This is a soup I often make when I have some gulasz left from a meal, in fact I often make extra so that there is some!

There should be about 3 chunks of meat per serving – though of course that depends on the size of the chunks.

This works well with either beef or pork gulasz.

Ingredients

  • 350g of already cooked gulasz made with beef or pork, peppers and tomato such as in earlier posts.
  • 1 tin of cannellini beans – drained.
  • 750ml of chicken stock – can be from a cube or concentrate.
  • 1 teaspoon of chilli powder.
  • 2 tablespoons of tomato purée.
  • 125ml of soured cream.
  • Salt & pepper to taste.
  • Flat-leaved parsley or chives to serve & an extra dollop of soured cream if desired.

Method

  • Put the gulasz into a large pan.
  • Add the drainned beans.
  • Mix the tomato purée with the stock and add this to the pan.
  • Add the chilli powder.
  • Bring to the boil, cover and let it simmer for around 15 minutes.
  • Season to taste.
  • Gently stir in the soured cream.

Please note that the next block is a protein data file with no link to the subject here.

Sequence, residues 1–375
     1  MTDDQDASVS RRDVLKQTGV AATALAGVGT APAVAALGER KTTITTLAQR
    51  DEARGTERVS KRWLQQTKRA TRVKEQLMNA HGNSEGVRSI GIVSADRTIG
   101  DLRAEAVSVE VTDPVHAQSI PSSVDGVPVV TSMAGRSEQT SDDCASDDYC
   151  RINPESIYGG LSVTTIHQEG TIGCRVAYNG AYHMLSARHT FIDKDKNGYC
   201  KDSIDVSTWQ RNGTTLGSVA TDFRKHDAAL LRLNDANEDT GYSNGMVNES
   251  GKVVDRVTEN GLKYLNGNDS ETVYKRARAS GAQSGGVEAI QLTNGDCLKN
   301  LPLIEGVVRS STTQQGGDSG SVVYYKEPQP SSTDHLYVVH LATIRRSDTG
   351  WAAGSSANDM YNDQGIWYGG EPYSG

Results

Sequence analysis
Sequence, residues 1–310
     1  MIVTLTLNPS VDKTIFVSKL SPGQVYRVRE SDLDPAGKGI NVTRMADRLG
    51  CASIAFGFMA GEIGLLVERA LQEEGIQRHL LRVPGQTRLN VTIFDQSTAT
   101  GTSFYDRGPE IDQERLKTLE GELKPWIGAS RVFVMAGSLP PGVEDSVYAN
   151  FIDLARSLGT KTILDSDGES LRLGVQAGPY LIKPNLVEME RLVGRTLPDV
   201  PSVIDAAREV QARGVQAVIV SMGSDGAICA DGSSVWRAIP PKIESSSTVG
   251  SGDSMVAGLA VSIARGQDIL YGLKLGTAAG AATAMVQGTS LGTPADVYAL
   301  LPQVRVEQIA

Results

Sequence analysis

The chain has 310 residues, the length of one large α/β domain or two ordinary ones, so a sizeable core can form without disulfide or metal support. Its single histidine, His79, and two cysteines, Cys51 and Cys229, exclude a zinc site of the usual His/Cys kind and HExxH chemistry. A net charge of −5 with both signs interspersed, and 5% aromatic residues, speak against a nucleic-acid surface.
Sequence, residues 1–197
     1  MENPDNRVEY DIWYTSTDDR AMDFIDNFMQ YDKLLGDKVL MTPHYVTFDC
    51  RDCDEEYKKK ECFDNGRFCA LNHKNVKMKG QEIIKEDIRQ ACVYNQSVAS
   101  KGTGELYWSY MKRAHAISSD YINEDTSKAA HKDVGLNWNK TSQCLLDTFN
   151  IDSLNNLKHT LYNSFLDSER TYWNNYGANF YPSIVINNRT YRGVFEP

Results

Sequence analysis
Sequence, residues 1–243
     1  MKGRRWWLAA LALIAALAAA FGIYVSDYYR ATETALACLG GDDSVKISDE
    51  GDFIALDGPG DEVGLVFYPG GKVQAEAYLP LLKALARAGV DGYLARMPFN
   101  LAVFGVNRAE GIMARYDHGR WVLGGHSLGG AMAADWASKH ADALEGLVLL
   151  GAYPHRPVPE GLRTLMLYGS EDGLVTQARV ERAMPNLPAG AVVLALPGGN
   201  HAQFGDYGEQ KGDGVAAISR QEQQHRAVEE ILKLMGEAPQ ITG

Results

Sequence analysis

• Sprinkle on chopped parsley or chives to serve.

Note

Butter beans or haricot beans should be good too.

 

 

Soup plates are Royal Doulton – Burgundy – 1959 to 1981.

Butter Bean Mash

Butter beans are so soft and creamy – this is one of my favourite recipes for them – I often serve this instead of mashed potatoes.

This is one of my storecupboard recipes as I use tinned butter beans to make this.

 

 

 

 

 

 

 

Of course you can use dried beans, soaking and cooking them in your usual way.

Ingredients

2 tins of butter beans

1 large or 2 small onions

2-3 cloves of garlic

250ml of chicken or vegetable stock (can be from cubes or powder)

Butter for frying the onions.

Salt & pepper

Chopped chives or flat-leaved parsley to serve.

Method

A deep, large frying pan is good for making this.

Chop the onion into small squares and fry gently in butter until they are soft and golden brown.

Chop the garlic and add this to the onions, stirr and heat for a minute.

Drain the beans from the tins and add these to the onions.

Cover with stock and simmer gently until the beans are soft.

Use a potato masher to mash the beans and onions.

Cook for a few minutes longer – cooking away an excess liquid.

 

 

You can put this into an oven proof dish into a low oven at this stage whilst you finish off the rest of the meal.

Garnish with chives or flat-leaved parsley to serve.

Serve instead of potatoes with meats or other cooked vegetable dishes.

 

 

 

Served here with pan fried pork loin and cooked red cabbage on

Royal Doulton – Tapestry – 1966 – 1988